Something of an improvement – but since the two are chemically identical, any disparity is completely political.
Washington…Addressing what both Democrats andRepublicans agreed was a quarter-century old injustice in drug sentencing, Congress gave final approval Wednesday to a bill reducing the penalty for crack cocaine offenders.
The legislation, which was welcomed by the Obamaadministration, reduces the disparities between sentences for powdered cocaine and crack cocaine based on the heavier weight of crack, which is often sold in crystals. Crack cocaine is used disproportionately by blacks, leading to complaints of discrimination.
“By sending the bill to the President, the House has taken an important step toward more just sentencing policies while enhancing the ability of law enforcement officials to protect our communities from violent and dangerous drug traffickers,” said Attorney General Eric Holder. The White House said Obama would sign the bill.
In an effort to stem rampant crack cocaine use, a law was passed in 1986 that had the effect of giving crack cocaine offenders the same jail sentence as a someone who possessed 100 times the same amount of powder cocaine. The bill narrows that ratio to 18 to one and eradicates the mandatory five-year jail sentence for first-time offenders charged with possessing five grams of crack cocaine.
Under the new bill, a person in possession of 28 grams of crack cocaine would trigger that five-year jail sentence, said Julie Stewart, president of the advocacy group Families Against Mandatory Minimums.
“This is certainly a victory,” said Stewart. “Earlier attempts to correct the stiff sentences for crack cocaine defendants have failed, so this is the first time there has been bipartisan support for significant reform to crack penalties.”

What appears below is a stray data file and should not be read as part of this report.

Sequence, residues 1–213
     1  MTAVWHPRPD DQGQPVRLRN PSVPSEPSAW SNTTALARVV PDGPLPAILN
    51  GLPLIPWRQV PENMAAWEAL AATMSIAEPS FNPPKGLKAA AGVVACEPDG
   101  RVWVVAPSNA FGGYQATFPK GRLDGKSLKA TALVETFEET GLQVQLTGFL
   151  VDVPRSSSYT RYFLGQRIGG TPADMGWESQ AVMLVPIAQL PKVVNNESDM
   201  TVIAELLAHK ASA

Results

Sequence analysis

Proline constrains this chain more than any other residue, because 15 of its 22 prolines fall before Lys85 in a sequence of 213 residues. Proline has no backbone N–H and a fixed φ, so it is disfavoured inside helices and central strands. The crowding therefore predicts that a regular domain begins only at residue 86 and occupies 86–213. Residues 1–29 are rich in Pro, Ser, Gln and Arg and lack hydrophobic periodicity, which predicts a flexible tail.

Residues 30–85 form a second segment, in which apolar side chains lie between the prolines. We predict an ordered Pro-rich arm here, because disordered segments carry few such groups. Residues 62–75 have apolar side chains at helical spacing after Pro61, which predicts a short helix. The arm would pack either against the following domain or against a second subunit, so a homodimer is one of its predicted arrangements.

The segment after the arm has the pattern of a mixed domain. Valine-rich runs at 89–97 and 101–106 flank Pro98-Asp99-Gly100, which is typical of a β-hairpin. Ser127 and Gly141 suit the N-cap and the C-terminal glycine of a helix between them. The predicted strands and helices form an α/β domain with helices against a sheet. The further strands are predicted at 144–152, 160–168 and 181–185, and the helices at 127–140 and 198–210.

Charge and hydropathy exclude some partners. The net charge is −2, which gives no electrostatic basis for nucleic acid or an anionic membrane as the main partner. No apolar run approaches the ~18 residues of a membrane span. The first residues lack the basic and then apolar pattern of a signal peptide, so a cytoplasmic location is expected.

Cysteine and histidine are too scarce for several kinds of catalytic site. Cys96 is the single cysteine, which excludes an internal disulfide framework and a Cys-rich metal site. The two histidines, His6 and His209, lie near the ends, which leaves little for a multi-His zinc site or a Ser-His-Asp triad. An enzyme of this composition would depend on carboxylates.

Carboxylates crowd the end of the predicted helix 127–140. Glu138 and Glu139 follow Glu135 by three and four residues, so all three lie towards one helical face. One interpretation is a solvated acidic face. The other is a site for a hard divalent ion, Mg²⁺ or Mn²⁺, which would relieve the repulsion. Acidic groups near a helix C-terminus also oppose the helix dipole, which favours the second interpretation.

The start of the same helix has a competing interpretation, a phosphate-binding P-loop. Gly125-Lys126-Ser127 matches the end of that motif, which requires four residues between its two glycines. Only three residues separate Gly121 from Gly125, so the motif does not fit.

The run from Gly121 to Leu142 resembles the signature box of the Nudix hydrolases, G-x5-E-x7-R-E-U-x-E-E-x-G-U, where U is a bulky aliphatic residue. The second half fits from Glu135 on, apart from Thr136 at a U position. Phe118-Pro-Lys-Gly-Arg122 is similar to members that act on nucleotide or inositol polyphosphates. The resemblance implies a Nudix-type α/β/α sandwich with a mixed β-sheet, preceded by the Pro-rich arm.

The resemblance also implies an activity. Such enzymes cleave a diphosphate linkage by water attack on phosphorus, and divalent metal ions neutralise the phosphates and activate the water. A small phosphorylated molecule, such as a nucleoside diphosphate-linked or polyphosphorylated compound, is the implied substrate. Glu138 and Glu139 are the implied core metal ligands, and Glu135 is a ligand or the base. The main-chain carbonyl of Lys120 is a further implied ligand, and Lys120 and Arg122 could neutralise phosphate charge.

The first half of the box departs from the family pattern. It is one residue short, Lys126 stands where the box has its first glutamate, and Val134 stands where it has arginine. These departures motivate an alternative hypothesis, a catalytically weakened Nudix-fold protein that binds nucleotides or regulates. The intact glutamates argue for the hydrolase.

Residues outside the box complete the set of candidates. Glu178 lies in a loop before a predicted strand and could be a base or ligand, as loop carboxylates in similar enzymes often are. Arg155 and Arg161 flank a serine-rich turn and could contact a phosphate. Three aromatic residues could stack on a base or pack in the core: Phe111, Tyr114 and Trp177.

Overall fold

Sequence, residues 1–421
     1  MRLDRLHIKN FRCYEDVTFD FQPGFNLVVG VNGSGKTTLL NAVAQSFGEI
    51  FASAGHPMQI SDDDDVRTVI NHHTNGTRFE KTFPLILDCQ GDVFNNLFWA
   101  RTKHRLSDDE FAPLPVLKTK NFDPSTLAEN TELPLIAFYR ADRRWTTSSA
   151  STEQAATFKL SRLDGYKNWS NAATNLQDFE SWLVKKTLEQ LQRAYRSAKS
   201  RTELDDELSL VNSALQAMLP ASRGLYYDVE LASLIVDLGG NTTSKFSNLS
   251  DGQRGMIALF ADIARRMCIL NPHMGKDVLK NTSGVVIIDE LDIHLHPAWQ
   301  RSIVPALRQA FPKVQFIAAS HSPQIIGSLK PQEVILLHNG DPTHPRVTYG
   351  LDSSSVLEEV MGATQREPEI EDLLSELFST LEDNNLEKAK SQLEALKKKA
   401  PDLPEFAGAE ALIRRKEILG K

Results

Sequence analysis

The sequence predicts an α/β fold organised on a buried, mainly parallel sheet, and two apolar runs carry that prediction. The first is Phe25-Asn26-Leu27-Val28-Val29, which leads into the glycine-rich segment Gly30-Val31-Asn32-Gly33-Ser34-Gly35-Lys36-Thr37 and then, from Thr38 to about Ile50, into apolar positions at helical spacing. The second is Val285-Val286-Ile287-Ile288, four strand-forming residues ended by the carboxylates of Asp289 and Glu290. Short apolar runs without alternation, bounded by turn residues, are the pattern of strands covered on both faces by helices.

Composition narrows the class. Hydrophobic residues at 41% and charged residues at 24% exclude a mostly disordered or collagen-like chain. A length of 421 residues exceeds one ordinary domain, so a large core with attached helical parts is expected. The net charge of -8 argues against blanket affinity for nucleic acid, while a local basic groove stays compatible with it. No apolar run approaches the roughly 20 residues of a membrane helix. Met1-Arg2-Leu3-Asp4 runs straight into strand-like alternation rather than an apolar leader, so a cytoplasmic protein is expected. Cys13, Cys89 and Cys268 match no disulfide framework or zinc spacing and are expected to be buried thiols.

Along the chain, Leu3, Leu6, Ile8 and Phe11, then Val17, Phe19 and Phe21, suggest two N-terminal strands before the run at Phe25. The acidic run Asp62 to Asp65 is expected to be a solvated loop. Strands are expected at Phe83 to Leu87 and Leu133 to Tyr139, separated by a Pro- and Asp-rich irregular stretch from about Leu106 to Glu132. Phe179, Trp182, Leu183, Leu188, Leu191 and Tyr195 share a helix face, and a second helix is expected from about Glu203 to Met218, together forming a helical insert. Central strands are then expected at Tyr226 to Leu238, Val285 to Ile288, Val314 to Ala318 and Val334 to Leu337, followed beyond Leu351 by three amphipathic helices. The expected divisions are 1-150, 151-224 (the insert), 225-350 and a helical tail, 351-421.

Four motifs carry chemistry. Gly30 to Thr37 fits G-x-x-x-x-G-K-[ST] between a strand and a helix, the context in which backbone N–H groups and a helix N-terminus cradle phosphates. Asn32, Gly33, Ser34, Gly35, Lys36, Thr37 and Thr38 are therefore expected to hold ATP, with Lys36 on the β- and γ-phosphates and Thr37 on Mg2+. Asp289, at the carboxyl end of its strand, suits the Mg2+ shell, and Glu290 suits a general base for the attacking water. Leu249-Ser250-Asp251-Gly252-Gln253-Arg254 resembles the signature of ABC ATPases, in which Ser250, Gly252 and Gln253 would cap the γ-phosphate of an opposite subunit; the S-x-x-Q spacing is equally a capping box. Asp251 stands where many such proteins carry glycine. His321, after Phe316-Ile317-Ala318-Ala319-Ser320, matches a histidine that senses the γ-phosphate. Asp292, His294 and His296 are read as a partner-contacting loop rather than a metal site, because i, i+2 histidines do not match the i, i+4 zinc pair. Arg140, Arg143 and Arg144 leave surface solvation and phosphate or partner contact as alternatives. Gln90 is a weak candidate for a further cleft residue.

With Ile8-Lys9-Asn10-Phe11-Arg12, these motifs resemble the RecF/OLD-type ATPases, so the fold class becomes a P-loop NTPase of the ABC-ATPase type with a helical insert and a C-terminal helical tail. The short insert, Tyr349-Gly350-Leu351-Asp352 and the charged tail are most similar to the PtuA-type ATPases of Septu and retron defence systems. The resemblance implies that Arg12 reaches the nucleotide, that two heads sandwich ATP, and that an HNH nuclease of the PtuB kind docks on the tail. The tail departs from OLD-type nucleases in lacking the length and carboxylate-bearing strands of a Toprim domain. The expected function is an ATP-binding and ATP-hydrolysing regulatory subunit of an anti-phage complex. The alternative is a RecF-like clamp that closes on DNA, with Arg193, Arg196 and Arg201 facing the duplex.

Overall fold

The bill was sponsored in the Senate by Senator Richard Durbin (D-Ill.), who teamed up with colleague Jeff Sessions (R.-Ala.) to pass the legislation unanimously through the Senate in March. Republican senators Orrin Hatch of Utah and Lindsey Graham of South Carolina were also vocal supporters of the bill.
That same bipartisan support was echoed in the House, with only Texas representative Lamar Smith voicing opposition during the voice vote Wednesday.
“Why are we coddling some of the most dangerous drug traffickers in America?” said Smith, who argued that passing the bill could increase drug violence to the same levels as the 1980s, when crack cocaine use was rife.
But some said the legislation does not go far enough because it still treats crack and powder cocaine differently.
“It ultimately came down to politics as opposed to research on what would work best,” said Matt Mauer, executive director of the Sentencing Project. “And many organizations and many members of Congress had been pushing for a 1 to 1 ratio, but that was just not going to happen this year.”